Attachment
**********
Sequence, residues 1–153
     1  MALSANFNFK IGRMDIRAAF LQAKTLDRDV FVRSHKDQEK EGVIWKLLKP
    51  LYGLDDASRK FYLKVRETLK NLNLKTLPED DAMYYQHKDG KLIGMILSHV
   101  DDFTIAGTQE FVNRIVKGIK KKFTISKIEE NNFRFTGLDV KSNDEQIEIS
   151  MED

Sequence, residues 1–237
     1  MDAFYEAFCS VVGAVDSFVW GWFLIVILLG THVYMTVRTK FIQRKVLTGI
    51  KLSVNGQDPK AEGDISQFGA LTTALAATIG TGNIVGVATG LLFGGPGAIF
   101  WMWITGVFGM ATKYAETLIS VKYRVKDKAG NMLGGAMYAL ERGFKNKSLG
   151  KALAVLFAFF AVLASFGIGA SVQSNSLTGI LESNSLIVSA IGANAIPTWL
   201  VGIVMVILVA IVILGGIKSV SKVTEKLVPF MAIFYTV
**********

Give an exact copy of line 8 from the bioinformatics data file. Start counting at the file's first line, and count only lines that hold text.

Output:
    51  KLSVNGQDPK AEGDISQFGA LTTALAATIG TGNIVGVATG LLFGGPGAIF